“Be the change you want to see in the world.” M. Ghandi
January 20, 2009 § 1 Comment
From David Davenport
President and CEO —
(From Washington, D.C.)
Yesterday was Martin Luther King Jr. Day and I am back sharing my thoughts on Poverty in America. I took some time to walk the National Mall before heading over to see my friends and volunteer at DC Central Kitchen. (“Inspiring” doesn’t give enough credit to this amazing place – Happy 20th Birthday, DCCK. May the next 20 be as revolutionary.)
Now, back to my walk. I slowly wandered down the mall weaving my way through the crowd of thousands, and eventually came to an amazing place.
I found myself at the spot where 41 years ago Resurrection City was built in an attempt to raise awareness of the issue of economic justice for all Americans. As I stood there, I realized how close I was to the steps of the Lincoln Memorial where Dr. King gave his historic speech during the civil rights march five years earlier. To my right, past the Washington Memorial, stands the Capitol building. Today, Barack Obama takes office, and this nation welcomes its first president to be on food stamps (for a short time during his youth, he and his mother needed food stamp assistance). Like many places in this great city, I am surrounded by history, surrounded by our American story, by symbols of our great achievements, and the whispers of the challenges we still face.
I have to admit, I was hoping to stand in this spot and get a better understanding of how far we as a people have come. I am overwhelmed and I still struggle to capture the many thoughts that pass through my mind. I think about Lincoln. The American Civil War was fought to save the Union, but it was also the first war of liberation in human history. I imagine Dr. King at my left, and the first African-American president at my right, and I am inspired. I recall the words of Bishop Gregory V. Palmer who spoke last night. He said “Our eyes burn. Our American eyes burn from the bright light of possibilities. We must stand as a nation, stand close; this president must not stand alone.”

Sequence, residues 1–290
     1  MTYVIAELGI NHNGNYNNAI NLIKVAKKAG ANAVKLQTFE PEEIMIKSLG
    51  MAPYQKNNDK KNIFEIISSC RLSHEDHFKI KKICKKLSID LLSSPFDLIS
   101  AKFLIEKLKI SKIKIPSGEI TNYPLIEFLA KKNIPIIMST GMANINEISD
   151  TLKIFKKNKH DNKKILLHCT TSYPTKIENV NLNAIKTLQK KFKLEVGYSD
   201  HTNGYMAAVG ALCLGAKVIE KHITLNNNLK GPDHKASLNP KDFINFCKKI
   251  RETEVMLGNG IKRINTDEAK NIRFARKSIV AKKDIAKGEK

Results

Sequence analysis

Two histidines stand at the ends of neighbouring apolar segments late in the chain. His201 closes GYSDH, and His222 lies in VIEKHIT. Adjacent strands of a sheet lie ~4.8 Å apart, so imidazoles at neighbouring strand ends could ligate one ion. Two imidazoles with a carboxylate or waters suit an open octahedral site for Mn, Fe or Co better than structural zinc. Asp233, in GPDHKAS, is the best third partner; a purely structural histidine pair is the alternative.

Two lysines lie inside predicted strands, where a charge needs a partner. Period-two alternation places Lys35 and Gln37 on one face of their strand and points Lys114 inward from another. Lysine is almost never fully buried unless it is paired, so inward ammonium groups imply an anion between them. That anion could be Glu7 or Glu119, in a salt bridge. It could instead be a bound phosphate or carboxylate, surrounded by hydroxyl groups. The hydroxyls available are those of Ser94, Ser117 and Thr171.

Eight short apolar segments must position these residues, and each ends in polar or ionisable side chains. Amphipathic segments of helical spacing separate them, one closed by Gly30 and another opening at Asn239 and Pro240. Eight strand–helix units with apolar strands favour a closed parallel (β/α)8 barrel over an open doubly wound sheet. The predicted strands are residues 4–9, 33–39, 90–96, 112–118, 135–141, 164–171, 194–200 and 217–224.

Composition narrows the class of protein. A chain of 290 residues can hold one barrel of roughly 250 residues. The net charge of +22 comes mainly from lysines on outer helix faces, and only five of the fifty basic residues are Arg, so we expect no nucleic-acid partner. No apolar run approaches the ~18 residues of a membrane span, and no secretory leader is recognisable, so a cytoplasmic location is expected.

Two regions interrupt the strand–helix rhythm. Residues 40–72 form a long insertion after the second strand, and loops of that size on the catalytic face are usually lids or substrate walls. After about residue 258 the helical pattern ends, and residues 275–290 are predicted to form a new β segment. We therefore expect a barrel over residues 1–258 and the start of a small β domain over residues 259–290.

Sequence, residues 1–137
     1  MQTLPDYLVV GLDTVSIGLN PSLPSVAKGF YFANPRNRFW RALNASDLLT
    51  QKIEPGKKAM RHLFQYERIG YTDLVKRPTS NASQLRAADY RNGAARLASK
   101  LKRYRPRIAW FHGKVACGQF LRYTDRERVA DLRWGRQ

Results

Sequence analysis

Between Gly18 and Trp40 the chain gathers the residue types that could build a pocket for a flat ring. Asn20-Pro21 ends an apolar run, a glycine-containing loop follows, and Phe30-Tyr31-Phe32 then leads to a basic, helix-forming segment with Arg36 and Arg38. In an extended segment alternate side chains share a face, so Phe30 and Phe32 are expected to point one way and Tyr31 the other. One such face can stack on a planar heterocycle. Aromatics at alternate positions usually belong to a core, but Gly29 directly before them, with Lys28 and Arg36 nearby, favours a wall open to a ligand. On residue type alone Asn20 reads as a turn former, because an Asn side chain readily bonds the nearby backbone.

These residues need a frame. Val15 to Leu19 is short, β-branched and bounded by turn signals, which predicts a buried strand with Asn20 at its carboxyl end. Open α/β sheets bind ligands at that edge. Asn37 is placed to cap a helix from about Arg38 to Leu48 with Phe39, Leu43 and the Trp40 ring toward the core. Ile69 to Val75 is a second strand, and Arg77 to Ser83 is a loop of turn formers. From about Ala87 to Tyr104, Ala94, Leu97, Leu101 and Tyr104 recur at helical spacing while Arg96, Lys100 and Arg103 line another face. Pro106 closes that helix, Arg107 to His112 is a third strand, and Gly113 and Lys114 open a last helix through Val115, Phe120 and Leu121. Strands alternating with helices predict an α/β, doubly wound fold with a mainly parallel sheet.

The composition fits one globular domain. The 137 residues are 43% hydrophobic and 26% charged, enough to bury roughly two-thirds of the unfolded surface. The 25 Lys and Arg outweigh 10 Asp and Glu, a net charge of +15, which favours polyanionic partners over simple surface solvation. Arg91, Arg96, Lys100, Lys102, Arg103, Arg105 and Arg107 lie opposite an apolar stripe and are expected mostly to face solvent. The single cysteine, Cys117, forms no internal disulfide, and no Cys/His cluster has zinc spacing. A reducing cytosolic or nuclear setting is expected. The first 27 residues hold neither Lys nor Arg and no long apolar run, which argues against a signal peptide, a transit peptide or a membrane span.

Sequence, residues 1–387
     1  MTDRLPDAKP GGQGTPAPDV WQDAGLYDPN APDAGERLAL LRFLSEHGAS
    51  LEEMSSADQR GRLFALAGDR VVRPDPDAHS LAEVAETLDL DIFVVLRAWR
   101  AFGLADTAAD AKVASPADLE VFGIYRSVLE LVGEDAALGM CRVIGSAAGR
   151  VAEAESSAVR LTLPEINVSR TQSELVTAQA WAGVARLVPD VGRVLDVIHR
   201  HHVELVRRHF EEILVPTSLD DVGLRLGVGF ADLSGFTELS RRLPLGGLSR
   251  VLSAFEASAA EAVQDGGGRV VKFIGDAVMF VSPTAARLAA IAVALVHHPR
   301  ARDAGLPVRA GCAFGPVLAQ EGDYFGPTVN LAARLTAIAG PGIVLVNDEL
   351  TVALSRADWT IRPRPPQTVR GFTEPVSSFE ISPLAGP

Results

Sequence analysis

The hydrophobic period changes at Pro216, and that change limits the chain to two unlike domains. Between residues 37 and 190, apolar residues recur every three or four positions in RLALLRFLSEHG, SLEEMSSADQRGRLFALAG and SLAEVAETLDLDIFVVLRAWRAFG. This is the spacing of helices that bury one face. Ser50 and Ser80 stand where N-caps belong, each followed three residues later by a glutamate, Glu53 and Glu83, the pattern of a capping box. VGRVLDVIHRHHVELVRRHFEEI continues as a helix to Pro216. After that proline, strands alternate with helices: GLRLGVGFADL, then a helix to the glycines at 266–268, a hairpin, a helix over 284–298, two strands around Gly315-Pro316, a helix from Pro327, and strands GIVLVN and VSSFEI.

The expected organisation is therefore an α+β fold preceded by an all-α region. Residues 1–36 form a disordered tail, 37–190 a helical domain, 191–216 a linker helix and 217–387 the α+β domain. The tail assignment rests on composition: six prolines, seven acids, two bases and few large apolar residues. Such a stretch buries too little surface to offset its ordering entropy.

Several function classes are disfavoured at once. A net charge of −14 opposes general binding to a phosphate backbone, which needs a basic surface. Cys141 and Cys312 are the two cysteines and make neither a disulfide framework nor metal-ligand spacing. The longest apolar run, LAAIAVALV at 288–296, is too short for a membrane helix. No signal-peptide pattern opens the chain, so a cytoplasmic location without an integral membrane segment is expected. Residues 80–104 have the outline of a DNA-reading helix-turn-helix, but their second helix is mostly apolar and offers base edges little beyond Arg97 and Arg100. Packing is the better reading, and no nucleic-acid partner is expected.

Instantly, the defeating, overwhelming challenge of ending poverty in our nation seemed achievable. It’s achievable because the difficult first step seems within our grasp. We’ve not yet been committed to stand as one nation and share a national belief that poverty, hunger and homelessness are economically, socially and morally unacceptable.
Just 25 years ago, at 18, I could have bought a six pack of beer, thrown it in the front seat of my car, popped open the lid and enjoyed a cold one as I drove down the street – not violating any laws. A group of committed citizens formed Mother’s Against Drunk Driving and today, not only has the law changed, but so has our culture. It’s wrong and unacceptable to drink and drive.
Soon it will be unacceptable to allow people to live a tragic, inhumane existence in a land of plenty. Step one is to embrace, and give voice to, the belief that poverty in America is unacceptable. Be the change you want to see in the world. Live the change you feel our nation needs to accept. If we can do that – we’re almost there. The rest is just heavy lifting.